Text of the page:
surgical correction of CHL

Report
Surgical Correction of
Conductive Hearing Loss
Erika Woodson, MD
Otology/Neurotology/ Skull Base Surgery
University of Iowa Hospitals and Clinics
Intact Tympanic Membrane
TM Perforation
Marginal TM Perforation
Central TM Perforation
TM Perforation: Classification
• Marginal vs.
central
• Quadrant
• Size
– Percentage
Tympanoplasty
• Definition: Repair of the tympanic membrane
(TM) with inspection of middle ear & possible
ossicular chain reconstruction
– This is different than a myringoplasty
• Indications:
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–
–
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Prevent recurrent disease
Improve hearing
Provide a dry ear canal
Enable patient to bathe & swim freely
Tympanoplasty
• Appropriate
candidates:
– Perforation of TM
– Cholesteatoma / other
lesion involving TM or
tympanic cavity
– Resolved otorrhea
– Preferably no
Eustachian tube
dysfunction
Tympanoplasty
• Poor Candidates:
– Multiple failed
attempts at closure
• Poor Eustachian tube
function
– Smoker
– Systemic disease
• DM
• Steroid use
– Actively draining
– Slag injury
Slag injury – retained metallic debris
Tympanoplasty
• Commonly used materials:
–
–
–
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Temporalis fascia
Perichondrium/cartilage
Periosteum
Alloderm
• Techniques
– Overlay
– Underlay
Underlay v. Overlay
Underlay= medial
Overlay= lateral
Soft tissue
• Transcanal
– For most cases
• Post auricular
– For lateral grafts
– Good for kids
• Endaural
– When need canalplasty
– Good for kids
Underlay technique—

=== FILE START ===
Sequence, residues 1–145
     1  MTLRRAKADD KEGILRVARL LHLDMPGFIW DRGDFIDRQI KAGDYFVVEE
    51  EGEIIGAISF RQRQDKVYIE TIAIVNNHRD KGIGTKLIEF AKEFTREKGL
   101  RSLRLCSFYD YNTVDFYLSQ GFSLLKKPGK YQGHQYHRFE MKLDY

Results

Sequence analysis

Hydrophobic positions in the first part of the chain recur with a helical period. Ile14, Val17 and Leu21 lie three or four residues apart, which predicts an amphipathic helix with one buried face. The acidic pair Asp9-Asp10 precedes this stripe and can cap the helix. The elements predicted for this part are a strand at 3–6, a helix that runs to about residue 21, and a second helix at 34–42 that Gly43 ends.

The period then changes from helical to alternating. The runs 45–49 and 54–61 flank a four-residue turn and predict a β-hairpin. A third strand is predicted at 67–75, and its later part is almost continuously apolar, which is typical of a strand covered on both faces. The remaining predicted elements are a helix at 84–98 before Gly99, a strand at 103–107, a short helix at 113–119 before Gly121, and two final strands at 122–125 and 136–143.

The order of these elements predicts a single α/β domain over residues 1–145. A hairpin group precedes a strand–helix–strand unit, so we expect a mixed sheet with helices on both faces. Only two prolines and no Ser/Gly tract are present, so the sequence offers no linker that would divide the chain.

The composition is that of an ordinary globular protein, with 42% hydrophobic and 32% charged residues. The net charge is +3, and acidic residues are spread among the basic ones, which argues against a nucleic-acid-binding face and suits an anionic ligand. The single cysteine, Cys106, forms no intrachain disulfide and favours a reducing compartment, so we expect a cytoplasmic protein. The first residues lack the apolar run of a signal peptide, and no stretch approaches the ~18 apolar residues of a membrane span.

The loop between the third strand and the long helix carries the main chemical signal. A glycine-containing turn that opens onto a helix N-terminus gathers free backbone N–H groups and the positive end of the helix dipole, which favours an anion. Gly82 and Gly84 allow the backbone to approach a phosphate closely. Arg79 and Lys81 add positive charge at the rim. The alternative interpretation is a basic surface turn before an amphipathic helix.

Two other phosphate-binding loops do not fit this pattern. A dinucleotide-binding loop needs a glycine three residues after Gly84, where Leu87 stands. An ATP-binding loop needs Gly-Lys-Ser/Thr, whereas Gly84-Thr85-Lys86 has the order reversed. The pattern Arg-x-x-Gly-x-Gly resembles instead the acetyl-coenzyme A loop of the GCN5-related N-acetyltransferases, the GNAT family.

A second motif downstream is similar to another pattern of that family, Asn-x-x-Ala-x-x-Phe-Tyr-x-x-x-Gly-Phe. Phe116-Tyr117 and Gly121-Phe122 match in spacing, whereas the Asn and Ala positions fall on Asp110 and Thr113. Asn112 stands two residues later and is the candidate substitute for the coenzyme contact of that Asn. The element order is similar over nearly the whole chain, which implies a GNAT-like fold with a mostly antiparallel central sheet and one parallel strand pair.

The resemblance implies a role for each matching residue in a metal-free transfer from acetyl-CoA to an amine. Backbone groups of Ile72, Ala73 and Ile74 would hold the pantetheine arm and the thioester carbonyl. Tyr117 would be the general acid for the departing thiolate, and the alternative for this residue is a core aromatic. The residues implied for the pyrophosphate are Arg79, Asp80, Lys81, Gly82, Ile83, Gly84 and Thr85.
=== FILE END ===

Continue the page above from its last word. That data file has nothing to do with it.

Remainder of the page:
selection of patients
• Posterior central perforations
• “Smaller” perforations
• Any perforation with intact annulus
Underlay technique—procedure
Underlay technique—procedure
Underlay technique—procedure
Underlay technique—procedure
Underlay/Medial Technique
Underlay technique—
postoperative care
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•
•
•
•
Dry ear precautions
No nose blowing/heavy lifting x 2 weeks
+/- antibiotics
Drops until follow-up
F/u 1 week
– Packing removal from endaural or post auricular
• F/U 1 month
– Clean ear, but don’t aggressively remove dried
gelfoam from tympanic membrane
Overlay technique—
selection of patients
•
•
•
•
Marginal perforations
Total perforations/“larger perforations”
Need for canalplasty
Previously failed tympanoplasties
Overlay technique—procedure
Overlay technique—procedure
Overlay technique—procedure
Overlay technique—procedure
Overlay technique—
postoperative care
• Dry ear precautions
• No nose blowing/heaving lifting x 2
weeks
• F/U 6-8 weeks (gelfoam packing
removal)
• Drops after pack removal until follow-up
Tympanoplasty--complications
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•
•
•
•
•
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Persistent / recurrent perforation
Cholesteatoma (ME, drum, EAC)
Dysguesia
Blunting
Lateralization
SNHL / vertigo
Facial nerve injury
Lateralization
• Unique to overlay
technique
• Can affect hearing
result if severe
• Correct by repeat
t-plasty & tuck
edges of graft under
malleus
Blunting
• Lateralization of
anterior graft
• Unique to overlay
technique
• Can affect hearing
result if severe
Tympanoplasty
• Wullstein (1956)
– Type I
– Type II
– Type III
– Type IV
– Type V
Types of tympanoplasty
Type I—
intact ossicular chain
– simple tympanoplasty
– Myringoplasty
Types of tympanoplasty
Type II—
intact incus and stapes with
erosion of malleus
– TM onto incus
= incudopexy
– TM onto malleus remnant
Types of tympanoplasty
Type III—
intact mobile stapes
superstructure
– TM onto capitulum of